The World Bank estimates that about 1.7 billion adults around the world are without a bank account at a financial institution or through a mobile money provider. Those are the customers served by Tala, a fintech firm with a mission to expand financial access to people underserved by the traditional financial system. Tala’s CFO, Jennifer Loo, EMBA 14, “manages the company’s financial health so we can improve the financial health and circumstances of our customers.”
When she started the Berkeley MBA for Executives program, Jennifer was VP Finance, Business Strategy, and Analytics at LegalZoom, a company she could have “worked at forever.” But her MBA studies and classmates inspired her to pursue new opportunities. Before landing at Tala, she served as CFO at a sustainable apparel retailer and a Latino digital media company. She also holds a JD degree from New York University.
The conversation has been condensed and edited.
What is it about finance that compels you?
I really love puzzles and I find that finance is really one giant puzzle. You’re trying to figure out how to make all of the pieces of the business work with the available resources. You deal with a lot of different stakeholders, many of whom may have divergent motivations, needs, and demands.
Finance puts you at the epicenter of a business, where you can have a birds-eye view of the entire enterprise. I have to look at operations, product, marketing; I love the freedom to dig in anywhere to figure out what is working, or not.
How well are women represented in leadership roles in finance?
It’s getting better. But there’s still a long way to go. The good news is that we are seeing many more women take CFO or heads of finance roles. A few years ago, I attended a Women CFO event in Los Angeles – five of us showed up. But my Rolodex of female peers has since increased manifold.
That said, the investment community is still woefully underrepresented. I remember when I was raising debt at the apparel company I worked for, and our broker urged us to take a particular term sheet – not because it was the best, but because the firm was the only one that had a female partner, and she would ‘get us’ better. We turned down the term sheet. And the broker. The reality was, we didn’t need a female partner to understand our business because the numbers, economics, and operations spoke for themselves.
We need more representation in the investment community so that investing in female-centric brands or female-led companies is simply good business.
What gives you the greatest satisfaction in your role?
Beyond driving revenue and a healthy bottom line, the companies where I’ve worked have each had a bigger purpose. At LegalZoom, it was providing access to legal services and products—something that typically requires a certain level of affluence in the US.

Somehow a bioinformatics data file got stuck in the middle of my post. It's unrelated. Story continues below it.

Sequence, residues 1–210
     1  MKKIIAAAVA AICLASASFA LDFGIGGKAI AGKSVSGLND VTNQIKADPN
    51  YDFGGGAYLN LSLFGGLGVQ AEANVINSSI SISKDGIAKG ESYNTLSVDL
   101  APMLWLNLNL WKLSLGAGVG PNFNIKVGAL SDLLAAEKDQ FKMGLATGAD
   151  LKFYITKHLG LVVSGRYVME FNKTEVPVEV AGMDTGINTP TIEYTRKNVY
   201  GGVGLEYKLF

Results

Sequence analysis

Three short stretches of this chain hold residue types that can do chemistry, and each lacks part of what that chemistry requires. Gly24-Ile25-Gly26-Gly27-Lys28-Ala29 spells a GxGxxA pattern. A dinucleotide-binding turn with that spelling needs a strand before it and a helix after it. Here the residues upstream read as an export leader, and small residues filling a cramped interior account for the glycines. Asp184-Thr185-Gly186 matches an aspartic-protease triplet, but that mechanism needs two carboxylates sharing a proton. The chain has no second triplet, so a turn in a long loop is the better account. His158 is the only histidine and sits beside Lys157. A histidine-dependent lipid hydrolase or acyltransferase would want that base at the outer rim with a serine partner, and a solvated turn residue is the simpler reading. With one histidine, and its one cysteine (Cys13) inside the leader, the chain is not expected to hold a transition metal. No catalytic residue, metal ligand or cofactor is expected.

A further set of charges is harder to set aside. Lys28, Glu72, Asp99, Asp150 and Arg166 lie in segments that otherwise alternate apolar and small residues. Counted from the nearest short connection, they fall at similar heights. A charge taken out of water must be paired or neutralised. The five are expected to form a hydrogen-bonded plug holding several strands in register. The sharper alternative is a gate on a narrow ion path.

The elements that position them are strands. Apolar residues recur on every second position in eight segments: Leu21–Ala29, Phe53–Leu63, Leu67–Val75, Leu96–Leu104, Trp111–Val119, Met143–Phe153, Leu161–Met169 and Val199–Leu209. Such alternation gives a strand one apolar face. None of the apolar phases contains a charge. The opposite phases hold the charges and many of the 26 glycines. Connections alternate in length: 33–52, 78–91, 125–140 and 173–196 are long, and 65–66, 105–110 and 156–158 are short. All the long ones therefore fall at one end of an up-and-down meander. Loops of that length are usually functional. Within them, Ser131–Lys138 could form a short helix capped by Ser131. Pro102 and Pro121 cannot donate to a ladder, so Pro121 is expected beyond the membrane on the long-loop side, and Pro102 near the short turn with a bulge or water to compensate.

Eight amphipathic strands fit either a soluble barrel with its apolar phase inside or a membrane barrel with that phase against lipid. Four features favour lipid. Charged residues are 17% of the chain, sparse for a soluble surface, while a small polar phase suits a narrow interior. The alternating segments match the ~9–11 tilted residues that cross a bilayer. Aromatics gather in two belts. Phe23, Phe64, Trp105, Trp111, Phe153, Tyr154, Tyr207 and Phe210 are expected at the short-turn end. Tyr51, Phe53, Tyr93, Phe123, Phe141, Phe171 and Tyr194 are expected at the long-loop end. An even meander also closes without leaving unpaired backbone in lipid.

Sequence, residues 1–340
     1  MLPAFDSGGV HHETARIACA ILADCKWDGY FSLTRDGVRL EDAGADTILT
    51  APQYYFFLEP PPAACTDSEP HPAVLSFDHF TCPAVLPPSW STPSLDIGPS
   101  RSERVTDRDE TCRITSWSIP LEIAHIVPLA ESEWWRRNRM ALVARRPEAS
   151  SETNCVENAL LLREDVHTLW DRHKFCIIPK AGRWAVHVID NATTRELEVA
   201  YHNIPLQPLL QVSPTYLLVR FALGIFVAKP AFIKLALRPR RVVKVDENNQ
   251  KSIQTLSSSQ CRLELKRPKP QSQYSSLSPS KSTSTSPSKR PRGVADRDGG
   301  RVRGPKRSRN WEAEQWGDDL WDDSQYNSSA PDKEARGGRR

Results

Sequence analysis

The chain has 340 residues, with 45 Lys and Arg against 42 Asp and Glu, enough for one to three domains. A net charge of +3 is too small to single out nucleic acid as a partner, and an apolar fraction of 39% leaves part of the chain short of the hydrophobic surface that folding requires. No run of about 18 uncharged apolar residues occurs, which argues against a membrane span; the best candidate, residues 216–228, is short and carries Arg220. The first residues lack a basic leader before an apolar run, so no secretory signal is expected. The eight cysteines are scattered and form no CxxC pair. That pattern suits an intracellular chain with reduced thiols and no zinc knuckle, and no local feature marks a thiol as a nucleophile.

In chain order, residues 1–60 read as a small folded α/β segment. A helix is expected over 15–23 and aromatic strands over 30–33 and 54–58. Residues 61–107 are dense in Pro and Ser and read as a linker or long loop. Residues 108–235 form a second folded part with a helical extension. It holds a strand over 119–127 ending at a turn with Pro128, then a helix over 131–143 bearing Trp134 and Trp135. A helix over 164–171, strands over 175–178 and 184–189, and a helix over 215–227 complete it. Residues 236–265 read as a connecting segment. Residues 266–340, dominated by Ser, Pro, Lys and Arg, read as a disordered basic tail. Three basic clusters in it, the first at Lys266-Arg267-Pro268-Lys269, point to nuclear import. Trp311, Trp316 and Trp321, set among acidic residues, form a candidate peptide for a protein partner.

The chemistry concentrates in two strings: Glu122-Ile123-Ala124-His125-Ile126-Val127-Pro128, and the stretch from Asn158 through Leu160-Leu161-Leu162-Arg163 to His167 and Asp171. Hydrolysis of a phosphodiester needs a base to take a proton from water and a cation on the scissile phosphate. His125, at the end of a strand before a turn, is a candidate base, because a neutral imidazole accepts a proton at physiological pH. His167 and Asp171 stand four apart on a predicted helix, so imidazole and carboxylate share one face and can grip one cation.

Tala has the most audacious mission of anywhere I’ve worked. We are trying to solve a massive, trillion-dollar global issue one customer at a time. Even though Tala does not have a single customer in the US, we hear and read customer stories on a daily basis about how the financial access we create is changing lives by helping them start and maintain businesses, send their children to school, or weather unexpected storms. I find this incredibly rewarding.
What is your greatest challenge?
Immediately, it is helping drive the company’s near- and long-term decisions in times of unprecedented uncertainty.
Some element of uncertainty always exists in Tala’s business. We work in emerging markets, where things like regulations and the competitive landscape can change on a dime. We need to be on top of those dynamics and continuously adapt our business model. In a time when no one – not VCs, lenders, customers, or us – can see clearly around the corner, we need to remain alert, nimble, and adaptive.
I graduated law school in the middle of the 2009 financial crisis. My best advice is to be open to all opportunities. These times call for resilience, flexibility, and open-mindedness. You need to have the courage to change."
What prepared you for your current role?
Every experience I’ve had along the way! I love finance because you can always grow your core skill set, learn more. I’m now at my fourth company and my fourth industry. So much of what I’ve learned in one place helps me in the next.
How did you develop your leadership style?
My CFO at LegalZoom defined a lot of my style, and it was reinforced at Berkeley Haas: Lead honestly and transparently. Don’t avoid the tough questions. Be supportive of your team’s development and always foster healthy debate. Leadership requires rolling up your sleeves, but also being able to pull back and see the forest for the trees.
What advice would you have for women aspiring to leadership?
It is important to be authentic, tenacious, vocal, and present. Make sure you’re being heard. Don’t let little setbacks or self-doubt hold you back. Trust yourself and keep going.
What advice do you have for graduates entering the workforce right now?
I graduated law school in the middle of the 2009 financial crisis, so I understand the feeling that life has thrown you a massive curveball. My best advice is to be open to all opportunities. These times call for resilience, flexibility, and open-mindedness.
You need to have the courage to change. The Berkeley MBA for Executives program and my classmates taught me that. I remember the first time someone announced to the class that they had quit their job. You could have heard a pin drop. No one knew how to respond. After a few months, when someone made that kind of announcement, they received a standing ovation. The program gave us the courage to change.
Most of us have – during or since the program – taken on new roles or started our own companies. Always give yourself the freedom to explore something different, because every new chapter is guaranteed to bring new adventure, new learnings, and growth.